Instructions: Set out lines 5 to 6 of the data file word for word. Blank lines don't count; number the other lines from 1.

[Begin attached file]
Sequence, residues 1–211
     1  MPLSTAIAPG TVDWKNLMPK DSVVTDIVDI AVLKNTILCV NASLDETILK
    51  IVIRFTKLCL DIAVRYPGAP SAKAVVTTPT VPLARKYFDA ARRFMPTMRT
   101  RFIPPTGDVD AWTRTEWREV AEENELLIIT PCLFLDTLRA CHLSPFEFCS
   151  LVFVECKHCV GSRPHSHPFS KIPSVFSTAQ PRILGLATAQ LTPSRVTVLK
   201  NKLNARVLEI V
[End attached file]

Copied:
   151  LVFVECKHCV GSRPHSHPFS KIPSVFSTAQ PRILGLATAQ LTPSRVTVLK
   201  NKLNARVLEI V